The Japan Racing Association announced April 8 it will continue to hold meetings behind closed doors as large parts of the country adjust to new measures introduced under a state of emergency.
The JRA has tightened its own measures to counter the spread of COVID-19 while giving the go-ahead for the first classic of the season, the Oka Sho (Japanese One Thousand Guineas, G1) at Hanshin on April 12.
The state of emergency announced by prime minister Shinzo Abe on April 7 hands additional security powers to regional governments in a number of prefectures in and around Tokyo and other densely populated central areas of the country.
From this weekend, jockeys will have to serve their pre-race quarantines in personal "certified adjustment rooms" rather than in communal coordination quarters at the tracks.
Japan is famous for putting its jockeys in lockdown before racing, a measure designed to prevent any hint of corruption rather than the spread of disease.
In addition, from April 18, jockeys will not be able to ride at two different courses over the period of a single weekend. This means any riders with intended mounts in the April 19 Satsuki Sho (Japanese Two Thousand Guineas, G1) will not have the option of taking rides on Hanshin's Arlington Cup card a day earlier.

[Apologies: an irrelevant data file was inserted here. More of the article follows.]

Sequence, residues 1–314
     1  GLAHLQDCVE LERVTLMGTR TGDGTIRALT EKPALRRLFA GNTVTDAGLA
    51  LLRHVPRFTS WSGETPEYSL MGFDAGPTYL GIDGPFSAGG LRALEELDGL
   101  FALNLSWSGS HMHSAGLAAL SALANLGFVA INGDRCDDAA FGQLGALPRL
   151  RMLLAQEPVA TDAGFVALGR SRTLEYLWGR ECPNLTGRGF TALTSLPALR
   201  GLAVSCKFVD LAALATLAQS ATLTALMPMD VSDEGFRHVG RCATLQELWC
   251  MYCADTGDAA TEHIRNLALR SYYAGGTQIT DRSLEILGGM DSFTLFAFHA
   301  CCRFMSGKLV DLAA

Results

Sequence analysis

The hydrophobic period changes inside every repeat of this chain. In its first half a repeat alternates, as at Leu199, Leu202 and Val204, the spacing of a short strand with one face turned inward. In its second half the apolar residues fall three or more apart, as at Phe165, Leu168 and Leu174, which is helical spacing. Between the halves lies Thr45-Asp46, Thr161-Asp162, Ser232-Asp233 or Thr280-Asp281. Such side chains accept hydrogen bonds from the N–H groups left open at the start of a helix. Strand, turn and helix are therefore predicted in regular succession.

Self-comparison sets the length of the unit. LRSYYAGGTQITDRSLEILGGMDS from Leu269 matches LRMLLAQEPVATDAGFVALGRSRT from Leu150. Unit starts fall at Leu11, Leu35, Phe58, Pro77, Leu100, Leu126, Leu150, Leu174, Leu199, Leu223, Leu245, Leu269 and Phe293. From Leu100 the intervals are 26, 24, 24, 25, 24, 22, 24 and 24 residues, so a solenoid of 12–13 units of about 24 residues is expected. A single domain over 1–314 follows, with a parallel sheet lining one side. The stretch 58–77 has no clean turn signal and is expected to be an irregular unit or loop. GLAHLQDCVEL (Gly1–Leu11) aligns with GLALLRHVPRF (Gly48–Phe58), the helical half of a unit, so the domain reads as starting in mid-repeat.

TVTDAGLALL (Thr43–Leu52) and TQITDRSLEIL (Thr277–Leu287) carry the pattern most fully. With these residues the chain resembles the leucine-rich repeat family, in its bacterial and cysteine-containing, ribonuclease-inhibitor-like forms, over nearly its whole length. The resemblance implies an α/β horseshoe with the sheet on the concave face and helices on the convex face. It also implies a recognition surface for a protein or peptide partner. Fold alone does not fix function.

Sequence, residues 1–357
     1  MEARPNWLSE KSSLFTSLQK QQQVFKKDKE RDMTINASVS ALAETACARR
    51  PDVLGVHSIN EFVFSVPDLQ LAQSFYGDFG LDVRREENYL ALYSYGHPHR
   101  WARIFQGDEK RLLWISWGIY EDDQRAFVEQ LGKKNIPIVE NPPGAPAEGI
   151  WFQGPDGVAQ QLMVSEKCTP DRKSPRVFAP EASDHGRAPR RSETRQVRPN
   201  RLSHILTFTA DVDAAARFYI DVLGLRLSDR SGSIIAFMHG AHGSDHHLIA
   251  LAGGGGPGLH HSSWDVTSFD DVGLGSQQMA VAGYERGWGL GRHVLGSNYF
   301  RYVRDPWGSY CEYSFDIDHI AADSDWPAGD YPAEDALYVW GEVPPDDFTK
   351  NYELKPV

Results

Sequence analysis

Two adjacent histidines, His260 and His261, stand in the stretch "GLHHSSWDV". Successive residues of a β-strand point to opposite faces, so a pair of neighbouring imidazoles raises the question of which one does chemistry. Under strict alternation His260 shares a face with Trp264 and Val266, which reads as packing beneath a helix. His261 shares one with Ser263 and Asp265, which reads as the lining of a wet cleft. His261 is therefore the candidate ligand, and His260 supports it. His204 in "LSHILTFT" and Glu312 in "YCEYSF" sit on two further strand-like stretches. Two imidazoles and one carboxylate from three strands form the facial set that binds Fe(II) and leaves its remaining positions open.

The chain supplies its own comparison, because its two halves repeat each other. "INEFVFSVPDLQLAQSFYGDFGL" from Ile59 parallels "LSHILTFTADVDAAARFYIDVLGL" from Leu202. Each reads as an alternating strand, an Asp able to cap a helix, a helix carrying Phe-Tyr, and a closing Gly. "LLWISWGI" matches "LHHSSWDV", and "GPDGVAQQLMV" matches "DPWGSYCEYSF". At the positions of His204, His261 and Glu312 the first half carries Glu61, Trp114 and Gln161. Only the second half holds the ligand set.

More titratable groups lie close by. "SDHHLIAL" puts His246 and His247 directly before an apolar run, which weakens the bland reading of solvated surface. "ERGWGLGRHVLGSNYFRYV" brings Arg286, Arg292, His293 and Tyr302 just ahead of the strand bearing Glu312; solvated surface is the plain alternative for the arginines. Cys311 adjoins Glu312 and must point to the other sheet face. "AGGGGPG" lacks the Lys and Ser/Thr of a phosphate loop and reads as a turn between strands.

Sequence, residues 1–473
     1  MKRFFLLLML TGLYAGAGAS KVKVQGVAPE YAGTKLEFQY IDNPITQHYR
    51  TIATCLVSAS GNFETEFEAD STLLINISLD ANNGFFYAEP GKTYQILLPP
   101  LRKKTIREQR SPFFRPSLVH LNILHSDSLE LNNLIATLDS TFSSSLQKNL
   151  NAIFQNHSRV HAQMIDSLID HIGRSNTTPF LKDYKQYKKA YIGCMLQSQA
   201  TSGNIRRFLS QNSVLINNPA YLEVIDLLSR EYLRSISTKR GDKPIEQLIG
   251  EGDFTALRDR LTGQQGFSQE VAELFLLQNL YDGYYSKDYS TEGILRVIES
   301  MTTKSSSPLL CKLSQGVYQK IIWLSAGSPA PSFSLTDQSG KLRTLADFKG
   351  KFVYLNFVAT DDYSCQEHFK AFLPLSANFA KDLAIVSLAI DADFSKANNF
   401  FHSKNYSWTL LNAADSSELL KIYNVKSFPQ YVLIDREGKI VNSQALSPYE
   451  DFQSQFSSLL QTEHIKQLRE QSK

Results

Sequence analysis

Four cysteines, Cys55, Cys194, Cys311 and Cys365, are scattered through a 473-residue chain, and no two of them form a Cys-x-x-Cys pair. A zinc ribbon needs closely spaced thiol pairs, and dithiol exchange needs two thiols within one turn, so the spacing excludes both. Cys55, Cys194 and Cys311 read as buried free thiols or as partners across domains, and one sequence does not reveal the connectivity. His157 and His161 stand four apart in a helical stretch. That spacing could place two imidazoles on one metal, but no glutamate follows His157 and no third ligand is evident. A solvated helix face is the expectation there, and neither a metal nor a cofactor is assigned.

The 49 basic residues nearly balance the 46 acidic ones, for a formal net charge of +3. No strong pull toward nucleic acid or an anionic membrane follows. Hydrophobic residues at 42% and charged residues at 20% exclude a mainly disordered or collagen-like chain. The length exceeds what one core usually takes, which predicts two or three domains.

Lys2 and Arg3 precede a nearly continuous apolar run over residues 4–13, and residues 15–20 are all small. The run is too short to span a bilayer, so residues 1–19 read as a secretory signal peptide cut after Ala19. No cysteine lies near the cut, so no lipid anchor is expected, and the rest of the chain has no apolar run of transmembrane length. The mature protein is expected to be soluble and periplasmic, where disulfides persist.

Further measures were announced around the movement of horses—and therefore stable staff—designed to reduce traffic between the JRA's main western training center at Ritto and its eastern base at Miho.
Horses entered at below stakes level will have to be campaigned in their own sector of the country until measures are reviewed at the beginning of May.
Japanese racing fans might be starved of a trip to the races—or indeed off-track betting offices—but they continue to watch and bet in large numbers from home.
When the public was excluded over the first weekend of March, betting turnover across all meetings was 82% of the 2019 figure, a result which held at 83% the following weekend.
Several key races—including Mozu Superflare's win in the Takamatsunomiya Kinen (G1), and the Hanshin Daishoten (G2) won by You Can Smile—actually posted increased turnover from 12 months ago despite all business being conducted online or by phone.
As well as the domestic action this weekend, the JRA is offering simulcast betting on Danon Premium's challenge for the Longines Queen Elizabeth Stakes (G1) in Sydney.